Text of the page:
The Courtyard was designed to give a sense of seclusion in an urban setting.
Myron Hunt was also responsible for the landscaping plan for Central Library. Even the palm trees are still placed as Hunt intended them to be in the original competition drawings: a natural way of softening the mass of wall on either side of the windows.
Outdoor reading rooms off the Children's Room and the Humanities Wing (originally the Periodicals Room) were original parts of the building's design. The Children's patio is now regularly used for crafts and other activities.
The fountain is copied from an alabaster fountain at El Mirador de Daraxa in the Patio de Daraxa at Spain's famous palace and fortress, the Alhambra.
The great windows are aligned to follow the axis of the Civic Center plan. The windows are separated by Corinthian columns of cast stone.
The oblong panel above each window contains amorini (cupids), griffins, and fruits.On the spandrels are blank tablets, griffins, fruits, and urns of fire. On the keystones above two of the windows are acanthus leaves.In the panels below the windows are cornucopias, urns of fire, griffins, and open books. Below the engaged columns are decorated square panels. Above each design of book or tablet is a bowl of acanthus leaves.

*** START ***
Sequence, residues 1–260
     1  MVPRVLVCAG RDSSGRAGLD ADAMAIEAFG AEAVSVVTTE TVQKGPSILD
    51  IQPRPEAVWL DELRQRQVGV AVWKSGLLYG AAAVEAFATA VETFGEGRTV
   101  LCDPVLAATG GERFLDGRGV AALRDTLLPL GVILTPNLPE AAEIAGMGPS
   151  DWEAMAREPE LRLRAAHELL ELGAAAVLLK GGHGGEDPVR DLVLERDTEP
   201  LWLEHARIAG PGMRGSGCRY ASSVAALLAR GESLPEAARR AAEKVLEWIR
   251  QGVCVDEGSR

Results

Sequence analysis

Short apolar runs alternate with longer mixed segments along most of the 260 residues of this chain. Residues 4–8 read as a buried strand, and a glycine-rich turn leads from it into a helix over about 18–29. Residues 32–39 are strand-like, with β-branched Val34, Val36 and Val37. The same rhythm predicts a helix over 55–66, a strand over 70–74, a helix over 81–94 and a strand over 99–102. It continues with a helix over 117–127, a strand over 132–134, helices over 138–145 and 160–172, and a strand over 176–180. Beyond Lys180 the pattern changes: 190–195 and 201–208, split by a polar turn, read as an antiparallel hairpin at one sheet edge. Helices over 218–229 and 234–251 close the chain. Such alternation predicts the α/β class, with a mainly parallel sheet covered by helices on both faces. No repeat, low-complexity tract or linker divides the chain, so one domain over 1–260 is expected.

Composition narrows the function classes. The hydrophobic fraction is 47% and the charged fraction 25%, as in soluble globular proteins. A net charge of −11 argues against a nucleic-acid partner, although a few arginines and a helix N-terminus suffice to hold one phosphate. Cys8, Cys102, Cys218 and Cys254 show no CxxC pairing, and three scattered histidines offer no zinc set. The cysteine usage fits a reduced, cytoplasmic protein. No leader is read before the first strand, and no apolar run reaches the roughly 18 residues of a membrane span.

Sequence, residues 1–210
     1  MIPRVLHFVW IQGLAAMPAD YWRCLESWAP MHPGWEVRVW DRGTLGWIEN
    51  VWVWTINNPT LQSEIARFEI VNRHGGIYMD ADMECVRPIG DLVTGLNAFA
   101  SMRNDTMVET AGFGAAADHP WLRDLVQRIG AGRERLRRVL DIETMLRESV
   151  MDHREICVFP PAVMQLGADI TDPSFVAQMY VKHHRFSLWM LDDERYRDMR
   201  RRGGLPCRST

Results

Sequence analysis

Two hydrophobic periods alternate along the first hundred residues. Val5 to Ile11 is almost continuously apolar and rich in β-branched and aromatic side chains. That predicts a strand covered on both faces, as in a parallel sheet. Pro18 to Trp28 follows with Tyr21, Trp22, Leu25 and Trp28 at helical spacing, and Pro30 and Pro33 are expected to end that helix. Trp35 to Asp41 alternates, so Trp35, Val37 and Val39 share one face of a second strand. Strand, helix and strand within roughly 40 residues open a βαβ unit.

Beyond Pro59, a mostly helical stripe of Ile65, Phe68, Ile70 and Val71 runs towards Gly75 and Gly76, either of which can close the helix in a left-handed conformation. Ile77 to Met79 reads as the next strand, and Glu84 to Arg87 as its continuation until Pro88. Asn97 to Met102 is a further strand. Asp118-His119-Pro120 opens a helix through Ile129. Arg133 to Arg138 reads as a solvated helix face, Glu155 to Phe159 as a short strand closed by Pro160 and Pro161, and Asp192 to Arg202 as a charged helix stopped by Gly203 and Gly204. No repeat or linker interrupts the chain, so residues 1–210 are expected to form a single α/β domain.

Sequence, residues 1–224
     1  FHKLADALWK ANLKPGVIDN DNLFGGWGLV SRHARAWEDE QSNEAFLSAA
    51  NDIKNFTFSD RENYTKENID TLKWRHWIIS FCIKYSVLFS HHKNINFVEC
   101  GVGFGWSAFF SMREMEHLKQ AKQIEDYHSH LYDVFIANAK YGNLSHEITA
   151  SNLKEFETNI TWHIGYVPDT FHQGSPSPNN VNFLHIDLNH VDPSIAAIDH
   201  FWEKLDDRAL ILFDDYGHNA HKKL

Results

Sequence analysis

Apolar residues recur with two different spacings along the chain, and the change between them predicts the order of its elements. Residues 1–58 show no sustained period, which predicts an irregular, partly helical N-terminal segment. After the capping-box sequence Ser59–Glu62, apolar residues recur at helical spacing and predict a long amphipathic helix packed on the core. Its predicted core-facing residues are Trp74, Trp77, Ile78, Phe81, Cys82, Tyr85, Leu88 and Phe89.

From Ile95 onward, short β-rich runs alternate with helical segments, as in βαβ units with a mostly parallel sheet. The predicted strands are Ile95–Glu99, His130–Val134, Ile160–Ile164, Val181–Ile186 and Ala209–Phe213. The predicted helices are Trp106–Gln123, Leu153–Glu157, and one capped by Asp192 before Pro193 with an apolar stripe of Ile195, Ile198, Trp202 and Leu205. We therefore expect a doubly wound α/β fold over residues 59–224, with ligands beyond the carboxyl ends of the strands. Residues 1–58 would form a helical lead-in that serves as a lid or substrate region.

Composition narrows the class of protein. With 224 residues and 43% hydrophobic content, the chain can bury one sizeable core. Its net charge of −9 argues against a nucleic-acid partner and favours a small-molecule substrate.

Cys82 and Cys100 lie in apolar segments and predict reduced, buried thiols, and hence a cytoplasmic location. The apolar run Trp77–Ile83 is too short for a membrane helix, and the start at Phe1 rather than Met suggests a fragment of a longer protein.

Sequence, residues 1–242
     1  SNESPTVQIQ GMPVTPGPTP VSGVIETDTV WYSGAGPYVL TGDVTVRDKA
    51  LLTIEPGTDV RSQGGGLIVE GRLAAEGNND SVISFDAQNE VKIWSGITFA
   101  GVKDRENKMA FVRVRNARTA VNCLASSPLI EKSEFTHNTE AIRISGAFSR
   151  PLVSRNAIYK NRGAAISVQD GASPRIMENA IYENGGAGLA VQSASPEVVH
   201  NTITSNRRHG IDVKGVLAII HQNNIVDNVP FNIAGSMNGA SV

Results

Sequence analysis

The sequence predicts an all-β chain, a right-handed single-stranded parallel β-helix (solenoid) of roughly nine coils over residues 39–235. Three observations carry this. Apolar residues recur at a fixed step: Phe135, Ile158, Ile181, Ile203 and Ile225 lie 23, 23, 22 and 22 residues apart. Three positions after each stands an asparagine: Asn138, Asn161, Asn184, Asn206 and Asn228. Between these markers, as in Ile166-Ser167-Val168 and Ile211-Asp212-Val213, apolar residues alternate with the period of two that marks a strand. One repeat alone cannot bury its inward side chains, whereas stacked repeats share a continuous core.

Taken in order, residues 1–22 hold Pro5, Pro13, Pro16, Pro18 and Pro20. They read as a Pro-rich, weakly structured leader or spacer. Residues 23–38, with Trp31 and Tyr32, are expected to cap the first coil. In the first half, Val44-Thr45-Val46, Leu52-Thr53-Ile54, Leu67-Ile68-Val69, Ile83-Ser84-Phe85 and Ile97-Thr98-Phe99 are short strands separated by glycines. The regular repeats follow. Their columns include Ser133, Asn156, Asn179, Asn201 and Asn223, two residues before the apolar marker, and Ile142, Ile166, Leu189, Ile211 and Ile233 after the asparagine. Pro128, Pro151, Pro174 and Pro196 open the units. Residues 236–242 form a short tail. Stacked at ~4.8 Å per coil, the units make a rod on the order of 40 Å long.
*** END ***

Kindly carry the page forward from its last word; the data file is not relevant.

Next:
Around each door are conventionalized architectural designs of flowers, leaves, and books. In May 1931, Fine Arts librarian Mrs. Patricia Dutcher provided the following key to the symbols:
On the outside of the building are the following inscriptions:
Dr. Walter S. Adams (1876 - 1956), astronomer, director of the Mount Wilson Observatory, and member of the Library Board for 40 years, was responsible for the quotations and the names of the writers.